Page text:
I felt a pang of nostalgia for the children I had taught and the hours we spent in that room. Out policing, I missed the sense that I was building something with a specific group of people — habits, routines, a shared culture. I thought about some of the teachers I knew and what good police officers they would make. They brought the best out of people. I was not sure why, as police officers, we did not see our role in the same way.

We left the school behind, emerging onto Dulwich Road and passing a tall green pole that looked like a lamp post without a lamp. "It’s a stink pipe," I said to my partner. "There’s a sewer down there." I had learned about stink pipes in my final term as a teacher, when I took my class on a local history walk. Stink pipes let noxious fumes escape and reduce the risk of explosions. The sewer below us was the River Effra.

Turning onto Shakespeare Road, we spotted an IC3 teen approaching. When he saw us, he stiffened and seemed to conceal something in his palm. We stopped him and searched him for drugs. "Where are you going tonight?" we asked. "It's my eighteenth birthday," he said, "I'm going to meet some friends." We found nothing so we thanked him and said goodnight.

We walked along Railton Road towards central Brixton. A white Ford Astra with flames stencilled along both sides streaked towards us, did a sharp turn, and pulled up in Marcus Garvey Way. We walked over and knocked on the driver's window. He rolled it down, an IC3 male, late teens, and looked up at us with a blank expression.

"You need to pay attention to your speed round here," said my partner.

"How fast was I going?"

"That's not what I’m saying," she replied. "I'm saying you were going very quickly and there are a lot of drunk people wandering around this area who could walk into the road."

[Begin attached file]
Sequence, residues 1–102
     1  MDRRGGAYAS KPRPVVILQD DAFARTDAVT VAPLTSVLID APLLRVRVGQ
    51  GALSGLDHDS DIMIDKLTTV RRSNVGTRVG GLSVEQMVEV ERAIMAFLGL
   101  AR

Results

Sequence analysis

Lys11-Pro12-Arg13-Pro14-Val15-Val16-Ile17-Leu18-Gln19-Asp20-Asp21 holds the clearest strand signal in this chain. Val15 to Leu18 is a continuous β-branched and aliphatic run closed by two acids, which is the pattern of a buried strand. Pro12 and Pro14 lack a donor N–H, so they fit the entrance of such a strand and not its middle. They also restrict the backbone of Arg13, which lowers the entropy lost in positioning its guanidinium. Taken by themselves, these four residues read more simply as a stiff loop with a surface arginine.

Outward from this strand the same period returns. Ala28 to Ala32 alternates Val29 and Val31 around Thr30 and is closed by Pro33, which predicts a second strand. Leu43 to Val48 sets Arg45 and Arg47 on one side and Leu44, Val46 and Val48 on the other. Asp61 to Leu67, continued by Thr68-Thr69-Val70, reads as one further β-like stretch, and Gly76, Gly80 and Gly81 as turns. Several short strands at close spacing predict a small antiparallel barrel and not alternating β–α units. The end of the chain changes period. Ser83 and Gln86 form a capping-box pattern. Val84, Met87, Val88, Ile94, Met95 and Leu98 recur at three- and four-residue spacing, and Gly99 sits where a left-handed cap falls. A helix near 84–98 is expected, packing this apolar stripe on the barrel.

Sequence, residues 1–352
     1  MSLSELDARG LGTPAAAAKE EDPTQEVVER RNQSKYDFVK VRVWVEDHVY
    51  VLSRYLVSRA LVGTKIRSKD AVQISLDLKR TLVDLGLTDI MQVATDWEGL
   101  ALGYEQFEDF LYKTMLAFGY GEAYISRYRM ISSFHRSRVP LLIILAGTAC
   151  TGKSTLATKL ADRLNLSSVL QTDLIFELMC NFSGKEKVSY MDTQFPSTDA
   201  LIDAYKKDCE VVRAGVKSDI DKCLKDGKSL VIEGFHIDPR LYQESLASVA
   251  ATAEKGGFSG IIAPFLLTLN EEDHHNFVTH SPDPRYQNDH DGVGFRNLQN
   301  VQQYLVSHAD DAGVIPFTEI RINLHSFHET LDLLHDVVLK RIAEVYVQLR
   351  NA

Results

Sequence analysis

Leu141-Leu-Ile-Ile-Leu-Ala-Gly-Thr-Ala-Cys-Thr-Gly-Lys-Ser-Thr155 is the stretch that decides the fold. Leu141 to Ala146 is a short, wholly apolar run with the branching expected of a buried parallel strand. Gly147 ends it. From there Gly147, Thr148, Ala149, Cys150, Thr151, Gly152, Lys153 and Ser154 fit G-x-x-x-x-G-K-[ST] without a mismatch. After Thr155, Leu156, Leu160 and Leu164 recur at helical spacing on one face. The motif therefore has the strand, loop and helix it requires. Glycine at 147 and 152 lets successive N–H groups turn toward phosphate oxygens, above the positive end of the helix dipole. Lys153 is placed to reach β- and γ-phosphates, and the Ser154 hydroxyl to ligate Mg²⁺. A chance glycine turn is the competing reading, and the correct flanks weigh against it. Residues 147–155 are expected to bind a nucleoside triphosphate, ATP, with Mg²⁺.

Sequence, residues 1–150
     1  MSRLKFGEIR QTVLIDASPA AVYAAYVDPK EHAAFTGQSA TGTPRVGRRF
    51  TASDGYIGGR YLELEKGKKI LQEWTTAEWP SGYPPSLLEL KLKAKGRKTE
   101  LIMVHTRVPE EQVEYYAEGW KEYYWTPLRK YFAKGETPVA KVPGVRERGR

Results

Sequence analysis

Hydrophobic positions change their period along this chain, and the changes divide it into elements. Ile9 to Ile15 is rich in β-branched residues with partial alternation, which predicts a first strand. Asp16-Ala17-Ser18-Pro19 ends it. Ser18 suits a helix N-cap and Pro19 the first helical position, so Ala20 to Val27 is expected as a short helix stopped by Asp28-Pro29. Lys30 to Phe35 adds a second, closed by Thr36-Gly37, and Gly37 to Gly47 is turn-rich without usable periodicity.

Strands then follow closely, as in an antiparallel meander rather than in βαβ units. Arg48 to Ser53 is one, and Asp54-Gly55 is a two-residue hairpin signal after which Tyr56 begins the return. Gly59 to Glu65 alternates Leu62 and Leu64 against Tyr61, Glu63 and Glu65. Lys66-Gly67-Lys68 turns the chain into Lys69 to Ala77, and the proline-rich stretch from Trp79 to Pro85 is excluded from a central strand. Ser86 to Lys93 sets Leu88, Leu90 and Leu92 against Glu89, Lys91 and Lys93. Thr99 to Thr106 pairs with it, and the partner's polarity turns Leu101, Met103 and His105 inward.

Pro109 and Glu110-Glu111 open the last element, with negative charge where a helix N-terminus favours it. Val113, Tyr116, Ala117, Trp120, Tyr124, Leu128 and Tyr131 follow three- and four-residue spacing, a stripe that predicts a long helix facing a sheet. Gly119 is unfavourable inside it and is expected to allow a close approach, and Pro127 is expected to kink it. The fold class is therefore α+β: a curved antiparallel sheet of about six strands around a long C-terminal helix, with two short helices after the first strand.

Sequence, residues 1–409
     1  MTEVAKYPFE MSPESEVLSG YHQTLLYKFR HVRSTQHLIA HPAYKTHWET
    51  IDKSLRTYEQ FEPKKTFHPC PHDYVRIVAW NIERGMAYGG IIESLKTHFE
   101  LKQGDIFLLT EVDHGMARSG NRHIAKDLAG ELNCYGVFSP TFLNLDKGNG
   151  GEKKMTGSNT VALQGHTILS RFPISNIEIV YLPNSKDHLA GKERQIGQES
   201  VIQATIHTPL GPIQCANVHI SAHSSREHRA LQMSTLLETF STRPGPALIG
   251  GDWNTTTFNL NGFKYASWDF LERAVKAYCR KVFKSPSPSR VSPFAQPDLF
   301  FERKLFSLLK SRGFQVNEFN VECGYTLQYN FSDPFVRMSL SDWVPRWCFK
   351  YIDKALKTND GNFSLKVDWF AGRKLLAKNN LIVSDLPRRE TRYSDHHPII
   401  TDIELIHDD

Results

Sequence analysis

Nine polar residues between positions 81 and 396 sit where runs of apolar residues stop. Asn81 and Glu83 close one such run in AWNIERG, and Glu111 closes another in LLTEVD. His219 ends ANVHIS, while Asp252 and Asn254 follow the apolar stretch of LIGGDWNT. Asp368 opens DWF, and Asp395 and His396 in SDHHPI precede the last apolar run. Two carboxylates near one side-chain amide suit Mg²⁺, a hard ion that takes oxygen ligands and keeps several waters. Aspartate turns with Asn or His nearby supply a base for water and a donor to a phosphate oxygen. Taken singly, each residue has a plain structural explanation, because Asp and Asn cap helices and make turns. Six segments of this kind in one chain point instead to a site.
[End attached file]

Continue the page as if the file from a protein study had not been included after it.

"How fast was I going, then?"

‘You know that we haven’t recorded your speed, we’re just having a word.’

"So why are you stopping me if you don't know how fast I was going?"

"All right then, if you want to do this properly: you're not wearing your seatbelt so that's a ticket right there. Turn off the engine and get out of the car."

"Nah, listen to me. Listen. I just get annoyed because police see my car and they assume I'm a boy racer. That's why I'm asking how fast am I going, because police always stop me because of this car."

"Did you do all of this yourself? The stencils?"

"Yeah – all of it!"

He got out of the car and started to show us around, pointing out the sound system, the under-car lighting, a skull stencilled on the roof, and the flashing LEDs on the gearstick.

My partner was into cars and followed the young man, asking questions.

"Really nice work," she said as the tour ended. "Now you look after yourself." She waved and we walked away.

"Take care, yeah," he shouted after us.